The World Obesity Federation has said hundreds of thousands of deaths from COVID could have been avoided.
Report says hundreds of thousands of COVID deaths linked to obesity: This is if the obesity epidemic had been tackled earlier. Being overweight is linked to severe coronavirus cases and death. The Federation’s report claims 9 out of 10 deaths have been in countries with a high obesity rate. It also said that death is ten times higher in those countries with over 50% of the population being obese.
They added that countries with low levels of obesity do not have high death rates. The World Health Organisation said the report should be a “warning sign”. And that Government’s should tackle obesity problems head on. Dr Tim Lobstein, who wrote the report, said. “We now know that an overweight population is the next pandemic waiting to happen.
Look at countries like Japan and South Korea. Where they have very low levels of Covid-19 deaths as well as very low levels of adult obesity. They have prioritised public health across a range of measures. Including population weight, and it has paid off in the pandemic.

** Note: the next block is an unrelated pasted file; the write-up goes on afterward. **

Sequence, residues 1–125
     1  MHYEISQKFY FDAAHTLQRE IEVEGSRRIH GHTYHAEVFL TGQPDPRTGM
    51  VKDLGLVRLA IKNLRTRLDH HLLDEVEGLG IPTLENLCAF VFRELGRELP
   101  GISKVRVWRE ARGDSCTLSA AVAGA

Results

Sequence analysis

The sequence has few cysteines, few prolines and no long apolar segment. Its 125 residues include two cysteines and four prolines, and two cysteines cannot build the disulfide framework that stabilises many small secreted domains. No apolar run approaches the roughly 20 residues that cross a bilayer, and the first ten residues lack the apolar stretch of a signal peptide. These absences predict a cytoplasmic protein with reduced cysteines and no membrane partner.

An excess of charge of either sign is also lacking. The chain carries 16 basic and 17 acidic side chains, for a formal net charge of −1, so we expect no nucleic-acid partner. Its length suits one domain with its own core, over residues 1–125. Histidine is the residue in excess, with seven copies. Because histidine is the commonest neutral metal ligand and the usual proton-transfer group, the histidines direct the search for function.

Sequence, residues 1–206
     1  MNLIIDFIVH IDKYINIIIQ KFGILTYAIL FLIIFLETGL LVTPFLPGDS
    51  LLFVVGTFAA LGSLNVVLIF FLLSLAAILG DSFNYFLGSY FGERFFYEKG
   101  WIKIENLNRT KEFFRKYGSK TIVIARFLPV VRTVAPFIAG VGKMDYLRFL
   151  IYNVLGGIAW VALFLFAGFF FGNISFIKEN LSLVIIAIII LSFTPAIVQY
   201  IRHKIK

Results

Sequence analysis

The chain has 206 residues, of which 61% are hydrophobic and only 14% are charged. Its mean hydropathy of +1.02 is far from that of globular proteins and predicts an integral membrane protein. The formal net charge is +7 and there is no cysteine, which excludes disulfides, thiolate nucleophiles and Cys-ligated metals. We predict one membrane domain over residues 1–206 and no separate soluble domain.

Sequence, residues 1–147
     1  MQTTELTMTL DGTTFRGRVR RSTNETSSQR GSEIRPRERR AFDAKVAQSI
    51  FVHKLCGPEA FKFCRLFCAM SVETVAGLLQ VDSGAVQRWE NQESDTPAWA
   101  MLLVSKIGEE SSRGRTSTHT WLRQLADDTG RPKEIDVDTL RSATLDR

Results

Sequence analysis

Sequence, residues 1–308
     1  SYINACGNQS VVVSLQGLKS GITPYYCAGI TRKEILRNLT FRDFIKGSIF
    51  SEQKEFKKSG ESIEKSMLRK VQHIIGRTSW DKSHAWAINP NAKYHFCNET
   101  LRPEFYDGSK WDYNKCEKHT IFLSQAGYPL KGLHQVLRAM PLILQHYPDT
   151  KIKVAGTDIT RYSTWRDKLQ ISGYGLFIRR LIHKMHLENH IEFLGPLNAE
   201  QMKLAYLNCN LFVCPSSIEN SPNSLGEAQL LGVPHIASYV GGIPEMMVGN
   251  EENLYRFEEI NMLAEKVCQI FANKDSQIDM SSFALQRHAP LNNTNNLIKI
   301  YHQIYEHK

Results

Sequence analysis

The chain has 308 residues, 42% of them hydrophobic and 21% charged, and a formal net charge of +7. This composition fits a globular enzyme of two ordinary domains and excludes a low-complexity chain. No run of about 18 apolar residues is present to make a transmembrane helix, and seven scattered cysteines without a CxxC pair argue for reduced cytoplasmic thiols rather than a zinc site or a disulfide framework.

Governments have been negligent. And have ignored the economic value of a healthy population at their peril. For the last decade they have failed to tackle obesity. Despite setting themselves targets at United Nations meetings. Covid-19 is only the latest infection exacerbated by weight issues. But the warning signs were there.
We have seen it in the past with Mers, H1N1 and other respiratory diseases.” Chief executive of the World Obesity Federation, Johanna Ralston, said. “The failure to address the root causes of obesity over many decades is clearly responsible for hundreds of thousands of preventable deaths.”
Dr Tedros Adhanom Ghebreyesus, director-general of the World Health Organisation, commented on the report by saying. “This report must act as a wake-up call to governments globally. The correlation between obesity and mortality rates from Covid-19 is clear and compelling. Investment in public health and coordinated, international action to tackle the root causes of obesity is one of the best ways for countries to build resilience in health systems post-pandemic.
We urge all countries to seize this moment.”
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